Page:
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N. Korea Unwilling to Act on Seoul's Conciliatory Moves, Experts Say

  • Baik Sungwon

FILE - This image made from video of an undated still image broadcast by North Korea's KRT, May 15, 2017, shows leader Kim Jong Un at what was said to be a missile test site at an undisclosed location in North Korea.

North Korea appears determined to make headway in its nuclear and missile programs, despite South Korea's diplomatic overture aimed at restoring peace on the divided peninsula, U.S. experts say.

Since taking office this month, President Moon Jae-in, of the Democratic Party of Korea, is taking a more moderate approach to the North compared with those of two previous presidents, expressing his willingness to meet with North Korean leader Kim Jong Un under the right conditions and making conciliatory gestures.

A spokesman for South Korea's Unification Ministry said Monday that it would consider allowing nongovernmental exchanges with the North, but only within the scope of international sanctions against Pyongyang. In 2010, Seoul imposed the "May 24 Measure," which banned nearly all exchanges between the two Koreas, in retaliation for an attack by the current leader's father, Kim Jong Il, on a South Korean navy ship.

Flexibility absent

"North Korea has no apparent interest in reconciliation with the new [South Korean] government, or in showing any diplomatic flexibility at all," Jonathan Pollack of the Brookings Institution's Center for East Asia Policy Studies told VOA's Korean service.

FILE - An image made from video of a news bulletin aired by North Korea's KRT on May 22, 2017, shows what was said to be the test-launch of a Pukguksong-2 missile at an undisclosed location in North Korea.
FILE - An image made from video of a news bulletin aired by North Korea's KRT on May 22, 2017, shows what was said to be the test-launch of a Pukguksong-2 missile at an undisclosed location in North Korea.

Despite international calls to halt its nuclear and missile programs, Pyongyang remains obdurate, ramping up the testing cycle for its missile systems. On Sunday, the reclusive regime fired another ballistic missile into waters off its east coast, the second test within a week.

The North's state-controlled KCNA news agency said Sunday's launch of a new intermediate-range solid-fuel rocket, which traveled about 500 kilometers (310 miles) and reached an altitude of 560 kilometers (348 miles), proved progress in North Korea's stated goal of acquiring full nuclear weapons capabilities to strike the U.S. mainland. For decades, North Korea has claimed that its nuclear weapons are necessary to counter U.S. aggression.

Given Pyongyang's continued weapons testing, analysts say Kim's intentions are clear — he has no interest in diplomacy, even with South Korea's pro-engagement Moon, nor does he want to stop or reverse his nuclear weapons program.

"North Korea will not negotiate what it sees as necessary for its survival regardless of how much pressure is applied by the outside world," said Bonnie Glaser, a senior adviser for Asia at the Center for Strategic and International Studies, a Washington research group.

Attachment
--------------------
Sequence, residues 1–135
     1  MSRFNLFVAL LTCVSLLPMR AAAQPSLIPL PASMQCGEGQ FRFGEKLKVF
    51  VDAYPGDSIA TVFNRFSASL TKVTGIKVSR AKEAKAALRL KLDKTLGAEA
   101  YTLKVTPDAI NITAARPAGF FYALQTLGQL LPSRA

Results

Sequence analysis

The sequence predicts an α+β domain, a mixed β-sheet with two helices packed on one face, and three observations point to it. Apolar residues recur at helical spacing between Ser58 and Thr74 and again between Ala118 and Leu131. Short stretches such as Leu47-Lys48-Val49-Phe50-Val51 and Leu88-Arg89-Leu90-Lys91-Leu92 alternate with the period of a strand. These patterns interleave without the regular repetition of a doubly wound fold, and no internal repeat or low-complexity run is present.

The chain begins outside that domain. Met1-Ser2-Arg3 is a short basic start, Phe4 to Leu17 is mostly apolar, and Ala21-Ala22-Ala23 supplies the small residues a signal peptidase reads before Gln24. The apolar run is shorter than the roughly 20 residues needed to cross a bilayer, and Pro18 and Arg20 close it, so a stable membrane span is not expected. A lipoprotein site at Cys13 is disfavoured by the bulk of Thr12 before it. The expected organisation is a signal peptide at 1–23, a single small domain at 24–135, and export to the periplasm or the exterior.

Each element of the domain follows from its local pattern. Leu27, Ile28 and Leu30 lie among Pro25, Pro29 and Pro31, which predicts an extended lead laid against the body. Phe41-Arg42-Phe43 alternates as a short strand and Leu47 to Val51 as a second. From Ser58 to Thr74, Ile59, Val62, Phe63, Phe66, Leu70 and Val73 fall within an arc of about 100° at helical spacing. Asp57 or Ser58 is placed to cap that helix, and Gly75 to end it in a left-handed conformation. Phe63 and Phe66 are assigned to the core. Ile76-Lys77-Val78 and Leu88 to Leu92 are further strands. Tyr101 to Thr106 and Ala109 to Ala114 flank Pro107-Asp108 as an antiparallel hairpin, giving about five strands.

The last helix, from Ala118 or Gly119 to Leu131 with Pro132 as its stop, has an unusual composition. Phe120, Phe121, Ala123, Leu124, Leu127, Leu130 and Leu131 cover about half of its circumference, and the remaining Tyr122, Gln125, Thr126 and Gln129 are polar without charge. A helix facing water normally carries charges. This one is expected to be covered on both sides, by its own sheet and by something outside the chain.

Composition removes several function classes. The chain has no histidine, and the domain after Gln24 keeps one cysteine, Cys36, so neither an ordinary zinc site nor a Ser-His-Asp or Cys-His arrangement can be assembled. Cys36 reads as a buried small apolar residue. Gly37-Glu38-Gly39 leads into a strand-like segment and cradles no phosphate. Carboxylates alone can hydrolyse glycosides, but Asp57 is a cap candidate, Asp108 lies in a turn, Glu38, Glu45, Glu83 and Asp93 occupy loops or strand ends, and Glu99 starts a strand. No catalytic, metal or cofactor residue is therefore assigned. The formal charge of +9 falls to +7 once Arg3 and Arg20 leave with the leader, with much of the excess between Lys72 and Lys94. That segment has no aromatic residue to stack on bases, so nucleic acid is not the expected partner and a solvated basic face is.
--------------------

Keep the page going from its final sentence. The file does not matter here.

Eye on future talks

Other analysts attribute Kim's resolve to develop a reliable nuclear weapons capability to an effort to raise the stakes in future negotiations with South Korea and the U.S. to push for economic support and pledges of nonaggression.

"North Korean missile technology advances with each test, heightening the threat against the U.S. and North Korea's neighbors and potentially increasing North Korea's leverage if and when there are talks with either Washington or Seoul," said Sue Mi Terry, a former senior North Korea analyst with the CIA and currently managing director for Korea of BowerGroupAsia, a public policy consulting firm in Jakarta.

Michael O'Hanlon, a senior defense expert at the Brookings Institution, a Washington think tank, also said he thought North Korea was trying to "establish the terms of any future negotiations with Seoul and Washington and create certain facts on the ground.'"

FILE - People watch a TV news program showing a file image of a missile launch conducted by North Korea, at the Seoul Railway Station in Seoul, South Korea, May 14, 2017.
FILE - People watch a TV news program showing a file image of a missile launch conducted by North Korea, at the Seoul Railway Station in Seoul, South Korea, May 14, 2017.

"Pyongyang did something similar when President [Barack] Obama was inaugurated," said O'Hanlon, in reference to the North Korean nuclear test in the spring of 2009. "I believe they are following a similar pattern now with Moon and [U.S. President Donald] Trump — making clear they won't be intimidated, making clear they won't be pushovers, trying to create some real chips they can consider negotiating away, or not, if the price is right."

No outreach, no change

But Ken Gause of the International Affairs Group at the Center for Naval Analyses, a research center for the U.S. Navy and Marine Corps, added that unless Moon further softened his approach, making significant concessions and aid to Pyongyang, the regime would continue its brinksmanship and there would not be any negotiation.

"Unless Seoul reaches out to North Korea with substantive aid, don't expect anything to change," Gause said. "All the Moon administration said is that diplomacy can't take hold unless the testing stops, and that is not enough to change Kim Jong Un's calculus.

"Whether the Moon administration is willing to go down this road, Pyongyang is willing to cease its testing at this point and the U.S. will support such an initiative remain to be seen."

Jenny Lee contributed to this report, which originated with VOA's Korean service.

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